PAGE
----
"Why? Very simple. It's The Right Thing To Do. You cannot put a price tag on history and tradition. No other reason is necessary."
When Hegedus arrived during the 1981-82 season, he led the junior varsity team to a 15-1 record. That same season, the varsity club lost a school-record 20 games.Nowadays, Hegedus is a professor and physical therapist at Duke.
With Hegedus in the varsity lineup two years later, the Bison won a school-record 24 games. That record stood until the recently-completed 2005-06 season, when Bucknell won 27 games.
Bucknell was 60-26 and won two East Coast Conference championships during the three seasons Hegedus played. He led the team in rebounding during the 1982-83 season (5.3 per game) and the 1983-84 season (6.6).
"Based on our win-loss record this past season, changes needed to be made. This aspect of coaching college basketball is business. We have offered to assist those who are choosing to move on."This is perfectly legal under NCAA rules. Schools are under no obligation to renew scholarships. They are one-year deals that basically make the student-athletes indentured servants.
The Eagles have dropped Holy Cross like a bad date, joining fellow New England basketball powers/’fraidy cats Providence, UConn and UMass in scratching HC off their schedules in recent years. This loss stings more than the others because the series dates back to the 1905-06 season, and Holy Cross has played the Eagles more than any other opponent.Basically, what it comes down to is this: Skinner doesn't want to play Holy Cross because it is anything but an automatic win. As Garvey mentions:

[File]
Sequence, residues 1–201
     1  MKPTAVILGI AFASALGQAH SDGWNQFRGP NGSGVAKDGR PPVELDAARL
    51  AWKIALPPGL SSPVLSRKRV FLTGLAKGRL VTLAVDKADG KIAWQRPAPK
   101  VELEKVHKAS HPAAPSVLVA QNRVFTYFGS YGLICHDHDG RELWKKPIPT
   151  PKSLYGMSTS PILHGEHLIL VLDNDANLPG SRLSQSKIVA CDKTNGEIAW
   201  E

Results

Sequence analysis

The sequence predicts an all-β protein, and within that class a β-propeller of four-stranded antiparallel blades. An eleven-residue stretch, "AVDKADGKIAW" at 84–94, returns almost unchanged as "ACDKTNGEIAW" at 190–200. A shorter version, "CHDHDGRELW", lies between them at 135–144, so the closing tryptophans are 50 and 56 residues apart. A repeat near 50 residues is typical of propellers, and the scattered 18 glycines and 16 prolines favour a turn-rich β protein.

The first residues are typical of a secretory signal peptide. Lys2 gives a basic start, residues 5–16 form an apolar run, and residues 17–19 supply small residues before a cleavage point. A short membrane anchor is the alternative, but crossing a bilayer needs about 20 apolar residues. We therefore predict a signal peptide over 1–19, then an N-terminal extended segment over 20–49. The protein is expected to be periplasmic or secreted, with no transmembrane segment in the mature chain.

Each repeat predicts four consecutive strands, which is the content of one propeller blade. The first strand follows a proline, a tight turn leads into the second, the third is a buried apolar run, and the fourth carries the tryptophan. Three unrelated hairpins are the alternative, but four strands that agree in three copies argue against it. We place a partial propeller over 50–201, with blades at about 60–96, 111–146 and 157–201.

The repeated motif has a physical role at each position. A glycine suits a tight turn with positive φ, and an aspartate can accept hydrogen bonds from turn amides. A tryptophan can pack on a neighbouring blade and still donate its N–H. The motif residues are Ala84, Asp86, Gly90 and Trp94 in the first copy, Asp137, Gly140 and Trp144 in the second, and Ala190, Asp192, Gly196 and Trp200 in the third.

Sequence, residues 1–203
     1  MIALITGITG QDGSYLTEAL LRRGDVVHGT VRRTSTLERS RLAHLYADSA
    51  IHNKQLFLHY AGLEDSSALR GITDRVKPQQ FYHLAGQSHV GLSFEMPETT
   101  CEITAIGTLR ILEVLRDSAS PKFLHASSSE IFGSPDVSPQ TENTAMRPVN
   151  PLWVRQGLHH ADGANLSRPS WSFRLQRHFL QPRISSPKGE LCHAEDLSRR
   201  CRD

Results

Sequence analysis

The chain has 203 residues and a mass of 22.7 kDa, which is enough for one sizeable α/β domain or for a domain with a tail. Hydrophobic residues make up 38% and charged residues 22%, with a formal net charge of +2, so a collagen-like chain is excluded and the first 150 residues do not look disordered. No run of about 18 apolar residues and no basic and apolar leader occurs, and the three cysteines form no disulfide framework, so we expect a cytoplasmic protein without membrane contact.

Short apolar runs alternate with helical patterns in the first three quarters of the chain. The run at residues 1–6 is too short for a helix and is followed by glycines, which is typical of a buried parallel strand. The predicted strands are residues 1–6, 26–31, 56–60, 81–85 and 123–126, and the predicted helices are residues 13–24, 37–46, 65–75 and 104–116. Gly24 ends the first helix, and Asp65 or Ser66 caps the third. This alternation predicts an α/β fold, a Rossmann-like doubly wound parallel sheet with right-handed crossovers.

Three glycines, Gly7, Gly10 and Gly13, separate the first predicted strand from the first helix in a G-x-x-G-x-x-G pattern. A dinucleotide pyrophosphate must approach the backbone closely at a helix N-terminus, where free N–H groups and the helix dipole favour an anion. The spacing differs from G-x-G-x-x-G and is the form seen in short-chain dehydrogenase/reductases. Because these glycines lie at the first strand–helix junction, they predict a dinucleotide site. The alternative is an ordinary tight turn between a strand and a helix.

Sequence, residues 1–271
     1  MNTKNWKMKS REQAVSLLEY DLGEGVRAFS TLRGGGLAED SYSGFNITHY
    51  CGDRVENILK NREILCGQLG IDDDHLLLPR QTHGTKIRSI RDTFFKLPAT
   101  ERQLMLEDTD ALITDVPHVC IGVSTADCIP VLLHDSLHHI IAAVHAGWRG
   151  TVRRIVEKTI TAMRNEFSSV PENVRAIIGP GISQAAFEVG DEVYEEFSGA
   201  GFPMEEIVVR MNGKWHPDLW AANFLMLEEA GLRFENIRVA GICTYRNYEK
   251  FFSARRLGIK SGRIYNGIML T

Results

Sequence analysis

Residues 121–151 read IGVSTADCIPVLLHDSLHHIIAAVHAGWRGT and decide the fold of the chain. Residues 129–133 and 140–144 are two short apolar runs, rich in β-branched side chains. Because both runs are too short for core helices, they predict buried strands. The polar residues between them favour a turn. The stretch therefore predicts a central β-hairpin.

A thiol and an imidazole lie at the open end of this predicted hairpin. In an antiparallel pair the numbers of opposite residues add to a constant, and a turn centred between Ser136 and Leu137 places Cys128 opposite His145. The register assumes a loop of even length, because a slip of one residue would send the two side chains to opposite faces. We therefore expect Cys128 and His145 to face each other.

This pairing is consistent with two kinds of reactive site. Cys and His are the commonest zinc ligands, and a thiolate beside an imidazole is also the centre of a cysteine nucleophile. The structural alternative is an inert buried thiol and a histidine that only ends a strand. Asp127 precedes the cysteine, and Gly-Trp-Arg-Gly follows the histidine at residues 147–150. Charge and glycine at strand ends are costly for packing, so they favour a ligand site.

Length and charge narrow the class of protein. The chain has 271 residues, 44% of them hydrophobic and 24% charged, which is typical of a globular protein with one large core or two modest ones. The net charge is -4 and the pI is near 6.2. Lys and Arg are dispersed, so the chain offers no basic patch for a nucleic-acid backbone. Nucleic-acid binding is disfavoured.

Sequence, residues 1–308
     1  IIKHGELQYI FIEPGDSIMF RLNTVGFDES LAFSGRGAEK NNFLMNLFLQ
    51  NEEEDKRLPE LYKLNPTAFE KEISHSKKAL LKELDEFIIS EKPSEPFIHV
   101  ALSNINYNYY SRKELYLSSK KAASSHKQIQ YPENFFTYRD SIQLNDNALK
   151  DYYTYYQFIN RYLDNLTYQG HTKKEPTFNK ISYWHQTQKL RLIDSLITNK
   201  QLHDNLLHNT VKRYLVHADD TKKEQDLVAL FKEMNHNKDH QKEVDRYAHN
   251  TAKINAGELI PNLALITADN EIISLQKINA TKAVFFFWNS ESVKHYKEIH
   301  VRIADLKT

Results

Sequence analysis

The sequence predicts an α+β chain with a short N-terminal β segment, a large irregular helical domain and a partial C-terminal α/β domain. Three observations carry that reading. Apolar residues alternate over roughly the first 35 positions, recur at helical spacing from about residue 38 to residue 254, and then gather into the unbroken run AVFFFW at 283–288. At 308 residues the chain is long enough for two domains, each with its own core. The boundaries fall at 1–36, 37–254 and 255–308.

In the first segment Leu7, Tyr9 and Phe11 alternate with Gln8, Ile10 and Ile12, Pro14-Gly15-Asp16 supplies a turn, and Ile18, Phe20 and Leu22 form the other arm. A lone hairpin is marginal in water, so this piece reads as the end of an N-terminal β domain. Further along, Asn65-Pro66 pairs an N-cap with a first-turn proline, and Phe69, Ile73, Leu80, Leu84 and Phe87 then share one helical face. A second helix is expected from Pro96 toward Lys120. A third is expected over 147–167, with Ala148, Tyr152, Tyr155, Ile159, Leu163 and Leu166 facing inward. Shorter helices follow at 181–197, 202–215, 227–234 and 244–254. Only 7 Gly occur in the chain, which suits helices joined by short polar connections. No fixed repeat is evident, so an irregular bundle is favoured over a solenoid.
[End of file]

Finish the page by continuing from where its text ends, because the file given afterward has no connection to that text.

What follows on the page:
Holy Cross, which beat the Eagles three years ago and took them to overtime the following season, combined the emotion from its underdog status and a swarming defense to become a very dangerous opponent for BC. The Eagles might win most years, but the close games and occasional losses were difficult for Skinner to explain to fans, the alumni, and the media, who didn't necessarily view the contests in the context of an anything-can-happen rivalry, but as a powerful team from a major conference somehow having trouble with a small school from the academics-first Patriot League.It is increasingly clear that if the Patriot League wants to continue to improve its stature, schools are going to have to figure out a way to buy some guarantee games, or some sort of scheduling alliance with other quality conferences.
The Eagles had one of their best teams in years this past season, but still had struggled to shake off the injury-riddled and not very deep Crusaders in January. Holy Cross stayed with BC until junior forward Keith Simmons cramped up and had to leave the game, the Eagles eventually winning, 63-53. Afterward, Skinner complained about the physical play of the Crusaders, as if freshman Alex Vander Baan was outmuscling broad-shouldered All-American Craig Smith underneath.
NORMAN, Okla. – Bryan Goodman, a Choctaw (Okla.) High School graduate who spent the last six years as an assistant coach at Bucknell, has been named OU’s director of basketball operations, announced head coach Jeff Capel on Monday.